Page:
Thesis Topic: Fundamental planes of dynamically hot stellar systems in the local universe
Thesis Supervisor: Michael Hilker
In recent years the fundamental plane of dynamically hot stellar systems (i.e. old star clusters and early-type galaxies) got filled with new types of objects, like ultra-compact dwarf galaxies (UCDs), compact ellipticals (cEs), ultra-faint dwarf spheroidals (UFDs) and extended star clusters (ECs). The scaling relations of those systems can now be studied in great detail over ten orders of magnitude in mass.
So far, scaling relations like the mass-radius and surface density-mass relations have been presented for object samples that were assembled from very different environments, reaching from the Local Group to massive galaxy clusters (see figure on the right, Misgeld & Hilker 2011, MNRAS 414, 3699).
The idea of this PhD topic is twofold:
First, a study of the environmental dependence of the fundamental plane of dynamically hot stellar systems shall be performed. I.e. how does it look like for the Local Group, how for galaxy groups of the Local Volume and how for the most nearby galaxy clusters (Virgo, Fornax, Hydra, Centaurus and Coma)? What is the relative number ratio of star cluster to galaxies, of dwarf to giant galaxies, and the frequency of cEs and UCDs? How do these number ratios change with environment? What are the observational biases of different samples? How many objects are not detected yet in the local universe?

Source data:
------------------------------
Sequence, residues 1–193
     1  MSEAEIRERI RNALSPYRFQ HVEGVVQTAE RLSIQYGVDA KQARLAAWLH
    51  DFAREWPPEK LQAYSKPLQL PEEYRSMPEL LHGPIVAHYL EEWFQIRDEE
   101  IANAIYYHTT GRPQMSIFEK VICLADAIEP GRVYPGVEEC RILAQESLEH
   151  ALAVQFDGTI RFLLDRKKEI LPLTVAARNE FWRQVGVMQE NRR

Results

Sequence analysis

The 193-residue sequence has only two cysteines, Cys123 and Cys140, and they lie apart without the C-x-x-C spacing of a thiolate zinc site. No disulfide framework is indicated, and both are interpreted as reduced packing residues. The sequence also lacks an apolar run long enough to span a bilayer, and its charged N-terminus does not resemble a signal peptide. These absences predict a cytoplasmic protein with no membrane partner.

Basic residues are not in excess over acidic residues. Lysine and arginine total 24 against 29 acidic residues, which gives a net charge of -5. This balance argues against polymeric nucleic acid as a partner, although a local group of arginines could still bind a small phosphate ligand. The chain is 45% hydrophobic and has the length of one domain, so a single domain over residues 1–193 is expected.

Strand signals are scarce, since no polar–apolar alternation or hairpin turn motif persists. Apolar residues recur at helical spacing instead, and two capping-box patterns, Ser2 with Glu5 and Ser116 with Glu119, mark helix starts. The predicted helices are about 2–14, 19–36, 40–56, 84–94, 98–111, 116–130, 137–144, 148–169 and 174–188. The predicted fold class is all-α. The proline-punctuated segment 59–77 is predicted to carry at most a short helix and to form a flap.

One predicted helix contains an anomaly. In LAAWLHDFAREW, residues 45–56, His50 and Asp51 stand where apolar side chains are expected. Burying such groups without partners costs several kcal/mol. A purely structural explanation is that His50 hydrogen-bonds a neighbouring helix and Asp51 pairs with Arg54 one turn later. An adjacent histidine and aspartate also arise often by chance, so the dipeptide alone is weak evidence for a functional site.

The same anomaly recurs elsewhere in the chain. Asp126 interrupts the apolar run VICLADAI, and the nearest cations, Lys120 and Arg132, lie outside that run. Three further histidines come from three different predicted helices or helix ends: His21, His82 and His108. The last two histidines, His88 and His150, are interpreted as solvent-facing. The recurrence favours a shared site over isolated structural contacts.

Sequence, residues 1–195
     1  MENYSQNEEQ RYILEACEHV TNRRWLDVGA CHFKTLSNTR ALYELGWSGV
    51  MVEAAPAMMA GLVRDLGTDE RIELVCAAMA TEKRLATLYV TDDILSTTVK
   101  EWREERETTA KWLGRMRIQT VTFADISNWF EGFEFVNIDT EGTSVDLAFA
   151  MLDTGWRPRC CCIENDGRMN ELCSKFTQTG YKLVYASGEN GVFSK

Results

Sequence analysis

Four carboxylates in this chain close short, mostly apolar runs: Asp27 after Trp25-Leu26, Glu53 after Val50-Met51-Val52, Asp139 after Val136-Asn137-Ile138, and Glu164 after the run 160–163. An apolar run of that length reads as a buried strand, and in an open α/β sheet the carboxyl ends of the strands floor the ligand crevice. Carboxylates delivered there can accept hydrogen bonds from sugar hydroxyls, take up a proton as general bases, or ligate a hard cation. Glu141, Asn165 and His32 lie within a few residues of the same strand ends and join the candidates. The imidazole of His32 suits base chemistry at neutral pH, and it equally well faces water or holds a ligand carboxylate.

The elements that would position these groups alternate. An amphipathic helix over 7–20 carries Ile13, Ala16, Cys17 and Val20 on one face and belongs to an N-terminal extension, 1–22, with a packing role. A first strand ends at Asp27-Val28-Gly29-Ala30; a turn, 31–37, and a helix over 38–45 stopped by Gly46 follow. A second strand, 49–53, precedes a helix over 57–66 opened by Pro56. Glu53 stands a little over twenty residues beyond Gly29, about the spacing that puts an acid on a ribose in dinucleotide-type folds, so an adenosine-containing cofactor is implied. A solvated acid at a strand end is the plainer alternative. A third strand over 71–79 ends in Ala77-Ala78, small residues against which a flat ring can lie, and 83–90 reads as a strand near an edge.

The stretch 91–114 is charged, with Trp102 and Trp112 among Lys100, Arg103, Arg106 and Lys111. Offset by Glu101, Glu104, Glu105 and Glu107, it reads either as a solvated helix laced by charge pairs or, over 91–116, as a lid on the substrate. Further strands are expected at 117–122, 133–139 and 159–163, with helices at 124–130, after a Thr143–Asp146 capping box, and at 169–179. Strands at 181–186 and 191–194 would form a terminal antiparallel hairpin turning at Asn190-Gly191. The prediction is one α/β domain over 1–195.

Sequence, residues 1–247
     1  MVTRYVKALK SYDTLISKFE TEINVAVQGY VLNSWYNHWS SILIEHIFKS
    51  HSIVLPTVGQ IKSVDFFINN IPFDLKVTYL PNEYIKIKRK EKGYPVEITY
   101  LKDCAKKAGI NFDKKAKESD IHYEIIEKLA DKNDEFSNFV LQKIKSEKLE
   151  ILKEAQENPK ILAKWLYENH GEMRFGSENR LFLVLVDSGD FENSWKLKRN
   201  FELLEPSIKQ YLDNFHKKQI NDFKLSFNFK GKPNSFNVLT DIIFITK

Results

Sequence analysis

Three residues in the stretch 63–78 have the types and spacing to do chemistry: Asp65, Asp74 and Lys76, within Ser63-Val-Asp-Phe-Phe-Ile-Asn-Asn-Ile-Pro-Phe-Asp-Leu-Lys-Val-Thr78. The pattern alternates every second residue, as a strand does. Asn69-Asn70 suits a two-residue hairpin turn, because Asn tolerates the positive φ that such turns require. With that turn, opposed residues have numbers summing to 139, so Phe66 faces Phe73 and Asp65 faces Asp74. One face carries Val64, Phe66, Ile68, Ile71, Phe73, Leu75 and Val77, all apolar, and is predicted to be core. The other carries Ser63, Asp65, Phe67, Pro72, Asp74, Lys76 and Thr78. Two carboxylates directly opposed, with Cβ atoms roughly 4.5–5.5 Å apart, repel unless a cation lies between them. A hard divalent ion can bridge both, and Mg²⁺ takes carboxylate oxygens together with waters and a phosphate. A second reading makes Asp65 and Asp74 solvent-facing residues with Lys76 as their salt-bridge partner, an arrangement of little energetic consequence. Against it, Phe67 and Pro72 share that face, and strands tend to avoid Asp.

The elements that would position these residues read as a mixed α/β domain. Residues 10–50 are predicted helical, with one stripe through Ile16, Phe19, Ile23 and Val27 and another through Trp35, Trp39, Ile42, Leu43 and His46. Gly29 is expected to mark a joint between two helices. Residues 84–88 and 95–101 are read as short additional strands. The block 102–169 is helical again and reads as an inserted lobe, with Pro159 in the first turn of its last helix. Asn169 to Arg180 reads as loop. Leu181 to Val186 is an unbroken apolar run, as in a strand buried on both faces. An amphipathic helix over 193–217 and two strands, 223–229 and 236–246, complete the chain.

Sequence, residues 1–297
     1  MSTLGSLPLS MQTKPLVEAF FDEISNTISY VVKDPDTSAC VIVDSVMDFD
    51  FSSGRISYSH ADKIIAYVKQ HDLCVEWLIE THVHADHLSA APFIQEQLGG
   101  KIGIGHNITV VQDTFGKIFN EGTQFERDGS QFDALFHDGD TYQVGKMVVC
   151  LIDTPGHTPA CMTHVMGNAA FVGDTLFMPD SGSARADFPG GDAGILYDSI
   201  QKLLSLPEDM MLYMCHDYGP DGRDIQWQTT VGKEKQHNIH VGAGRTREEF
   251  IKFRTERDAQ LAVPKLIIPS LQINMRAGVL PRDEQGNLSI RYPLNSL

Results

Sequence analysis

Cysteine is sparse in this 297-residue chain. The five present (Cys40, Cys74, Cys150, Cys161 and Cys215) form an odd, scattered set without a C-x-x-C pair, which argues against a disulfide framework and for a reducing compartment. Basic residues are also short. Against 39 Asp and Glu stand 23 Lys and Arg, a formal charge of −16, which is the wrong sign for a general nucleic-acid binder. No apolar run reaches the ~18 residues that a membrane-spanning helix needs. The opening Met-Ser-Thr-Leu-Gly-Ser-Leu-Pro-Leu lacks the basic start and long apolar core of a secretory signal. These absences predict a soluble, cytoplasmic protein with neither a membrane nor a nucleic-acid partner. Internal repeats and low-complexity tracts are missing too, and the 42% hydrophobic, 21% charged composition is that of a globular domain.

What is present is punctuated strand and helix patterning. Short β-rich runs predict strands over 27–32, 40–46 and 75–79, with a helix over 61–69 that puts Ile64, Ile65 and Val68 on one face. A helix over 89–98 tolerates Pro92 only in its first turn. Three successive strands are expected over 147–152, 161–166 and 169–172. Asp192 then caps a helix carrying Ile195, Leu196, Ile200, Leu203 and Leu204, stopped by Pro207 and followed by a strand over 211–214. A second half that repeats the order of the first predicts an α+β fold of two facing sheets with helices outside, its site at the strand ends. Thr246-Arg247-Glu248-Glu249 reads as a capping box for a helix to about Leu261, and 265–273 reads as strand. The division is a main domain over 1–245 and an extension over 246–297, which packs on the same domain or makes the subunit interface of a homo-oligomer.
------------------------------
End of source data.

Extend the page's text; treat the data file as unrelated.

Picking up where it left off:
The goal of this first part is to develop completeness corrected fundamental planes for different environments (with data mainly collected from the literature, but also initiatives of applying for observing time to obtain complementary data sets are appreciated).
In a second step, the idea is to 'fill' the fundamental planes of the local galaxy and star cluster samples with evolutionary paths. How does star cluster evolution move globular clusters in the mass-size plane? How do major or minor mergers move galaxies around in this plane? In which direction work disruption processes (in particular for dwarf galaxies)? Can all the features in the fundamental plane be explained by those processes? Many of the evolutionary models can be found in the literature, but new ideas and calculations are welcome.
A concrete goal for this second part could be to develop a time series of fundamental planes for the Fornax or Virgo cluster, two environments with rich data sets.
In summary, the overall goal of the PhD thesis is to make a further step in understanding galaxy and their associated star cluster system evolution.
Depending on the preferences of the PhD candidate, this PhD thesis is flexible in setting the focus on either more theoretical aspects (galaxy evolution models and related simulations), or on gathering and analysing more data related to this project (including ESO telescopes).